Takeaways From Top 5 Cyber Law Developments in 2022

7 minute read | January.10.2023

In 2022, the stakes for data breaches grew in more ways than one. IBM reported the average cost of a data breach is up to $4.35 million. More importantly, though, regulators have zeroed in on higher-level executives and boards for both their management of cyber risk and their involvement in breach response. All this is flowing from a growing number of breach notifications stemming from a variety of new breach notification requirements and expectations.

Here are the Top 5 cyber law developments in 2022:

  1. FTC and DOJ Target Executives for Cyber-Related Conduct
  2. The SEC Proposes Expansive New Rules for Cyber Reporting and Disclosures
  3. FTC and EU Expand Notice Expectations
  4. Prevent, Detect, Respond, and Notify Expectations for Credential Stuffing (and Account Takeovers)
  5. NYDFS Proposes Significant Amendments to Its Cybersecurity Regulation

And here are the details:

1. FTC and DOJ Target Executives for Cyber-Related Conduct

First, in October, the FTC resolved a data breach-related enforcement action against Drizly, which for the first time in a cybersecurity action individually named a CEO. The FTC alleged he failed to implement, or delegate the implementation of, reasonable security practices. The Complaint specifically called out the lack of a CISO. As a result of the settlement, the CEO is bound to the affirmative security obligations in the resolution agreement even if he leaves Drizly, meaning if he should leave Drizly and be hired at a new company the affirmative obligations will follow him to that company. It also creates the possibility of individual penalties for violations of the order, currently $46,517 per violation.

Second, also in October, the DOJ obtained a conviction of the former Uber CSO for covering up a data breach from an ongoing FTC investigation. The cover-up involved messaging to hide the incident, a payment of $100,000 to a hacker to obtain return of stolen data, and a nondisclosure agreement with false statements. The DOJ’s initial statements regarding the matter suggested that the DOJ may be more aggressively seeking to use criminal laws in cybersecurity matters. However, more recently, a senior DOJ official clarified that “[t]he prosecution of the Uber CSO stemmed from an extreme set of actions that represent an acute outlier from regular compliance practice." He added: "No one should take away from this case that good-faith compliance decisions will be the subject of criminal prosecution." That said, the conviction itself means that companies should be carefully evaluating ongoing disclosure obligations of security issues to regulatory agencies during an investigation.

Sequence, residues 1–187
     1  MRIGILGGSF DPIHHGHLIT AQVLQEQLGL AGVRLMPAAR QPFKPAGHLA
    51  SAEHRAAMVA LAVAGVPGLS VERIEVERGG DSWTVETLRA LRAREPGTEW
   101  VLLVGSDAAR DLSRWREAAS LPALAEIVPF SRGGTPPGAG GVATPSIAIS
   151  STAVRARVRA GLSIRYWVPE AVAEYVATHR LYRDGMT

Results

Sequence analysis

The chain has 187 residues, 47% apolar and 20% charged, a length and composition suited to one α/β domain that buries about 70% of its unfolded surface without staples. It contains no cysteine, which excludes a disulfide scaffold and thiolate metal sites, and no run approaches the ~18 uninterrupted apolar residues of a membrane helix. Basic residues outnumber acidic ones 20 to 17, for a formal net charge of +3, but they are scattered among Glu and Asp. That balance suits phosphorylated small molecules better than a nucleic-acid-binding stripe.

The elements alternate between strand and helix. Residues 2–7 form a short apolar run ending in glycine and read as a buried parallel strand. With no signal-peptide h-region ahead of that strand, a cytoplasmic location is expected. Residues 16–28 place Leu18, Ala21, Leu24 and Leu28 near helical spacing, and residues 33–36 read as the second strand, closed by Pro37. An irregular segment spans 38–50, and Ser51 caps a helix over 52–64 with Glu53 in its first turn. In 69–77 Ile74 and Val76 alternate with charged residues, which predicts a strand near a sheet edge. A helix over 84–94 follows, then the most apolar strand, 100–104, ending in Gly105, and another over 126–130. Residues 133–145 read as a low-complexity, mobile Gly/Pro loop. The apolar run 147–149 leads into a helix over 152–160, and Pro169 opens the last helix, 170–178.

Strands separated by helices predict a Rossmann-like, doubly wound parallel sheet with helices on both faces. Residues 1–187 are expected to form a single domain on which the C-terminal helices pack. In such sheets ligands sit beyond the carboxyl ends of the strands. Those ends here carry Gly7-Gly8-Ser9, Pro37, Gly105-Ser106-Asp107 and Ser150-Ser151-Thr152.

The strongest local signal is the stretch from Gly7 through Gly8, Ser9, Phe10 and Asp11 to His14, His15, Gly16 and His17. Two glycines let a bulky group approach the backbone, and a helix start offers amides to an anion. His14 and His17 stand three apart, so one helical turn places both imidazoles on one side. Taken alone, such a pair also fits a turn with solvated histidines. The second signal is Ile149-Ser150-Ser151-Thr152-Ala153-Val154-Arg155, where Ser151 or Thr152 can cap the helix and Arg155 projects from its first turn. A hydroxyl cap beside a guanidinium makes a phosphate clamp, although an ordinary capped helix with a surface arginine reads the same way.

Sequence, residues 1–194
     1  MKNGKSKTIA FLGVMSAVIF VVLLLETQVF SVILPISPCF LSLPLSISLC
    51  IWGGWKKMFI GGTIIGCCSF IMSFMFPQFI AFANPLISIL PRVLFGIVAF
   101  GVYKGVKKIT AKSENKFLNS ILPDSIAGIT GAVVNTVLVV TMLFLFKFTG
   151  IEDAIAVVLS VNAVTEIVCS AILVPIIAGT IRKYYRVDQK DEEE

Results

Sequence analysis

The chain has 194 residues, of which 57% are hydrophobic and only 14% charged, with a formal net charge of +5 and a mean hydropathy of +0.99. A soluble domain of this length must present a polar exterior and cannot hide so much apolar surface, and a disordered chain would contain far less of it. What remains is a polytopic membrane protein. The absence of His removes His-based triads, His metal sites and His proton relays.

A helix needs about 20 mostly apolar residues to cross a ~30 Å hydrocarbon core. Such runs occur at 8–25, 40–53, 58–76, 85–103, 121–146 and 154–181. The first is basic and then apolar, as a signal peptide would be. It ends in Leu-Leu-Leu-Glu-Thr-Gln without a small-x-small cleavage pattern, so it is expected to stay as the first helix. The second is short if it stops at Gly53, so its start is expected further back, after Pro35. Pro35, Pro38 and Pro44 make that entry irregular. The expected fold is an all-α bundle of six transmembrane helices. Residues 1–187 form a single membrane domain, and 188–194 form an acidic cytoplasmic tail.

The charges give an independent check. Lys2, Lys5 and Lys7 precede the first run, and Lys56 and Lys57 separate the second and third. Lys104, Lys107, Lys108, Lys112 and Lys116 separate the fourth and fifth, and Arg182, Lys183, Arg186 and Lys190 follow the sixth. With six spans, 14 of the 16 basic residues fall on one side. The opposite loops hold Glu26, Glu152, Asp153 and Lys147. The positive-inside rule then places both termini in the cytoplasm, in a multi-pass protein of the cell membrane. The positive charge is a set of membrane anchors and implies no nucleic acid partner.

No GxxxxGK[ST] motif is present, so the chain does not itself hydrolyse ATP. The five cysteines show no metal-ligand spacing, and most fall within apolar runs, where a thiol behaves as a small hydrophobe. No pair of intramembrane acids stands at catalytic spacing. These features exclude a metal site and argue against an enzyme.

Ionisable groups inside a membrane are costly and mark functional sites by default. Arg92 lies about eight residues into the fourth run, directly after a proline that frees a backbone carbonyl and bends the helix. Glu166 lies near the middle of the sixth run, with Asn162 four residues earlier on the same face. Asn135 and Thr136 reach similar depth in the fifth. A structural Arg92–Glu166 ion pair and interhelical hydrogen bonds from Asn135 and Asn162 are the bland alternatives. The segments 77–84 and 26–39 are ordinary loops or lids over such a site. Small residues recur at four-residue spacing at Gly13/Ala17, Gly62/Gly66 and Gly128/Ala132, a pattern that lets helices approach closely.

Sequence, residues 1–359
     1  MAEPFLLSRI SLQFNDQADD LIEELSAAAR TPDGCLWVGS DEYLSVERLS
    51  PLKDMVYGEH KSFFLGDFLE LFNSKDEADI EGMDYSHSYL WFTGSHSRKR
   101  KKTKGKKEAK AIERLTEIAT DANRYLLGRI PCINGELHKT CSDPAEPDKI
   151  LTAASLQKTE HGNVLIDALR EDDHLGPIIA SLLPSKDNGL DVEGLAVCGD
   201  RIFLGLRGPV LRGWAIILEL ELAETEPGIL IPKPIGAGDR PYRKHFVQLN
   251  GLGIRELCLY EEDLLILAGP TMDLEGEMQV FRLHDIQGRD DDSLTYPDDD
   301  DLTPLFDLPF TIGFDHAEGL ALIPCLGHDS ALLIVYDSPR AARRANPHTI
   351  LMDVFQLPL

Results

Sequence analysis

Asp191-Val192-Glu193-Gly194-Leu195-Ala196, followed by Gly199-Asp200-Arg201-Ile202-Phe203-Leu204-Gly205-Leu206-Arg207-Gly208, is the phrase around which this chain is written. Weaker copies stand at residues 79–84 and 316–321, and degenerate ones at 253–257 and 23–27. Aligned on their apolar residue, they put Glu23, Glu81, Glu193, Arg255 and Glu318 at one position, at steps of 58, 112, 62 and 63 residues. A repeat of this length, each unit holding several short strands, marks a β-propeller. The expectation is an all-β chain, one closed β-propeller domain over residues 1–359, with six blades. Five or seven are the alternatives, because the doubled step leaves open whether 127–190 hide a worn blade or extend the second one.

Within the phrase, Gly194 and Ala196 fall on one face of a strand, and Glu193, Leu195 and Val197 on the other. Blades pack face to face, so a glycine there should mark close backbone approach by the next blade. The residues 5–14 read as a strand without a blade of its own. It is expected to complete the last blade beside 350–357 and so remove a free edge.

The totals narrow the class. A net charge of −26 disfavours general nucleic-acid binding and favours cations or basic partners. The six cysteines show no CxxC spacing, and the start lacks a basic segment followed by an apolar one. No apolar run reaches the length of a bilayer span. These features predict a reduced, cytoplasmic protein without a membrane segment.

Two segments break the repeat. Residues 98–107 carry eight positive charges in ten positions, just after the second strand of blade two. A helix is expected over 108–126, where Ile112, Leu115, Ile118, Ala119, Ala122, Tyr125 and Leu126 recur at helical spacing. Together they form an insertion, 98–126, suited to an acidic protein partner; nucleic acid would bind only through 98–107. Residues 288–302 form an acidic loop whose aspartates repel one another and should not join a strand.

2. The SEC Proposes Expansive New Rules for Cyber Reporting and Disclosures

In February, the SEC proposed new cyber risk management Rules for Investment Funds and Advisors. The Rules include a 48-hour reporting requirement for certain cyber incidents (it’s a mouthful):

  • Incidents that significantly disrupt or degrade the adviser’s or its fund’s ability, or the ability of a private fund client of the adviser, to maintain critical operations, or that leads to the unauthorized access or use of the adviser’s or its fund’s information, where the unauthorized access or use of such information results in (a) substantial harm to the adviser or its fund, or (b) substantial harm to a client, or an investor whose information was accessed.